Beth Kemler, Virginia State Director at the Chesapeake Climate Action Network, had the following statement in response:
"Today the General Assembly followed Attorney General Cuccinelli's lead and turned its back on clean energy in Virginia. Attorney General Cuccinelli, a friend of fossil fuel corporations and a global warming denier, made a sneak attack. He snuck a de facto repeal of our clean electricity standard into one big package of regulatory changes and, unfortunately, lawmakers went along with it.
"But the fight is far from over. The real solution all along was to fix the law, not nix it. With the voluntary system effectively axed, it's imperative that lawmakers get to work on a strong, mandatory system that requires utilities to invest in the cleanest, most modern sources of energy—wind and solar power.
"Not only would these sources lower our contribution to the carbon overload that causes climate change—they would create new jobs, unlike the decades-old hydropower dams that utilities could still use to fulfill the voluntary clean energy goals, should they choose to do so without a financial incentive. Twenty-nine other states, including neighboring Maryland and North Carolina, already require utilities to meet clean energy goals or face penalties, and this is the solution to move Virginia forward.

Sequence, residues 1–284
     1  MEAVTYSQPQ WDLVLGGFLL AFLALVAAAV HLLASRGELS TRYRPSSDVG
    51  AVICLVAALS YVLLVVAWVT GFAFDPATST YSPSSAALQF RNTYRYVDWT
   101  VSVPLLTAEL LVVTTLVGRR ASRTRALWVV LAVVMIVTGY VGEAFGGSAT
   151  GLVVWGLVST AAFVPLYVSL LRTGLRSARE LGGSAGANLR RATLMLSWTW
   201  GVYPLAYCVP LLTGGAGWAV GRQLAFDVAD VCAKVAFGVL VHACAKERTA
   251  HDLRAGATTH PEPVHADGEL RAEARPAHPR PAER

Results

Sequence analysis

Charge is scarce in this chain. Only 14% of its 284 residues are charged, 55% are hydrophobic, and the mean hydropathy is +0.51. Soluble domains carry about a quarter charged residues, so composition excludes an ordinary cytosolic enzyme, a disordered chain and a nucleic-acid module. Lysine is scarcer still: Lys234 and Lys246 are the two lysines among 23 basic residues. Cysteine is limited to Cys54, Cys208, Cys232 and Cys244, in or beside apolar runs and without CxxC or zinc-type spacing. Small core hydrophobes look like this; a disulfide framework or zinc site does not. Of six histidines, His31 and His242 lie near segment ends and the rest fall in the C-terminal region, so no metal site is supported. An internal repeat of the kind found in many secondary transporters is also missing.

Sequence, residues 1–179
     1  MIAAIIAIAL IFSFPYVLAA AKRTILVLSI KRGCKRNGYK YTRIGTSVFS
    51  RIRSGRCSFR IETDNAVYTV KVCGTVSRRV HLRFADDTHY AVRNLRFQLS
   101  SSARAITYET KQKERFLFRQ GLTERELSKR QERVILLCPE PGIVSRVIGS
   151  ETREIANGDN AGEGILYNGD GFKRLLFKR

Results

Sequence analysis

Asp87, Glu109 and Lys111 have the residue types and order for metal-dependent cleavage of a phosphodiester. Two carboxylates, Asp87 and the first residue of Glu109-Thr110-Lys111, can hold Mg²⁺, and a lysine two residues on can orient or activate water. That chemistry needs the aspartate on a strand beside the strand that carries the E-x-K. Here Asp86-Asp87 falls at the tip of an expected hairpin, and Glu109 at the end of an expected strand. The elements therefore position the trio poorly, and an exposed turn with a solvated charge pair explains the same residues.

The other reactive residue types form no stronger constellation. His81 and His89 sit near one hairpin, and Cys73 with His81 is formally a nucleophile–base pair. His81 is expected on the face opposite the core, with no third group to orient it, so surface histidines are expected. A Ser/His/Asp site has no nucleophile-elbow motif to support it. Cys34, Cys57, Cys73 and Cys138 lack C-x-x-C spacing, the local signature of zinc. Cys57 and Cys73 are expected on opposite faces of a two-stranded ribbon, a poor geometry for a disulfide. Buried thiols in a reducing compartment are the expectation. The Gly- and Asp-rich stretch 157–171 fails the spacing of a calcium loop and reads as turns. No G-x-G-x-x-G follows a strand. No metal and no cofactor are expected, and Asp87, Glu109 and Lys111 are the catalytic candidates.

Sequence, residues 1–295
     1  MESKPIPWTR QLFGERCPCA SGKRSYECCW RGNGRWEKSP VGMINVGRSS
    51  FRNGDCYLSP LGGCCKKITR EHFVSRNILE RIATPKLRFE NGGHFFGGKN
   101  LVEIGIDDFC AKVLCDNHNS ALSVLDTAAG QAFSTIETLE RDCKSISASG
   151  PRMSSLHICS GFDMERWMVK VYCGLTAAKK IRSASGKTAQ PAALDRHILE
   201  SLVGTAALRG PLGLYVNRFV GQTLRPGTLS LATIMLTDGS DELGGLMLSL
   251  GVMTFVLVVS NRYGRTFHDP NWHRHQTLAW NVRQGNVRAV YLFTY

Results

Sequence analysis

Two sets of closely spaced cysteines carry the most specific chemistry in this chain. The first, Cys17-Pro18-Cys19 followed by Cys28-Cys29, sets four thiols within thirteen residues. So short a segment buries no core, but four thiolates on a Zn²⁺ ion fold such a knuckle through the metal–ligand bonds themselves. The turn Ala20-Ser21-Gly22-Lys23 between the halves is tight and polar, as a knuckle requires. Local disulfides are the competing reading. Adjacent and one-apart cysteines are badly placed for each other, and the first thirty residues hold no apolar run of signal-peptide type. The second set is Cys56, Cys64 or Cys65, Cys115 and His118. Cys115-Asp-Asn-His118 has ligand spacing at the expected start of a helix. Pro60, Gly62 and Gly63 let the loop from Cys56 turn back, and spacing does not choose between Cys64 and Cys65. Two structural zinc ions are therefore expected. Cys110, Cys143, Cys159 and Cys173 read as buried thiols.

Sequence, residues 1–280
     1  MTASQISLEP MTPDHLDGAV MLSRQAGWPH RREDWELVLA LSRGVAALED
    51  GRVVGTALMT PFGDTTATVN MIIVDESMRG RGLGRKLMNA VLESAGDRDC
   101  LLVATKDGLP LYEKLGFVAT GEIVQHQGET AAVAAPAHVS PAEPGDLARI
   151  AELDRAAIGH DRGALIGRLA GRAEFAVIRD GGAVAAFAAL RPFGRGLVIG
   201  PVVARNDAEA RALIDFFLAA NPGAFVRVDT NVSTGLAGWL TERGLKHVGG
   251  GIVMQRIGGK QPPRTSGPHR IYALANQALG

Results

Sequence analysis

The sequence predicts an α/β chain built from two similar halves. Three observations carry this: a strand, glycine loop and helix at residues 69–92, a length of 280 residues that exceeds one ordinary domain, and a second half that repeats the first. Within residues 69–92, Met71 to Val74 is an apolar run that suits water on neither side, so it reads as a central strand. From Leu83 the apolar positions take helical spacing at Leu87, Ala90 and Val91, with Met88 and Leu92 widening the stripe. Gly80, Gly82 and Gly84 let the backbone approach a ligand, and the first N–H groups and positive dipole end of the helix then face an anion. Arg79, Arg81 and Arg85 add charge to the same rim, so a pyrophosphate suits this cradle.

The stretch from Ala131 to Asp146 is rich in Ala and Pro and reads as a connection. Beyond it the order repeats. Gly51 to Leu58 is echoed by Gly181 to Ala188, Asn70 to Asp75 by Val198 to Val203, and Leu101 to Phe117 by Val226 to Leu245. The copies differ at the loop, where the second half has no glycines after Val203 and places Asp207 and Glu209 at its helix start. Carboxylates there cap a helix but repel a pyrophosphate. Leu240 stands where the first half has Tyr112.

"The bottom line is that Virginians can't afford to cede our future to big, wealthy polluters like Dominion. We urgently need the intended benefits of a strong clean electricity standard—cleaner air, a safer climate and new jobs. One need look no further than Dominion's minuscule level of clean energy investment and big plans to burn more dirty fossil fuels to know that we can't trust them to do the right thing. It's time for lawmakers to require it.
"The thousands of Virginians who have called for more clean energy in the commonwealth are more fired up than ever. As we see rising seas flooding living rooms, children suffering more asthma attacks, and extreme storms wrecking homes across Virginia, we'll fight to win a strong, mandatory clean energy standard, one that serves the public, not polluters."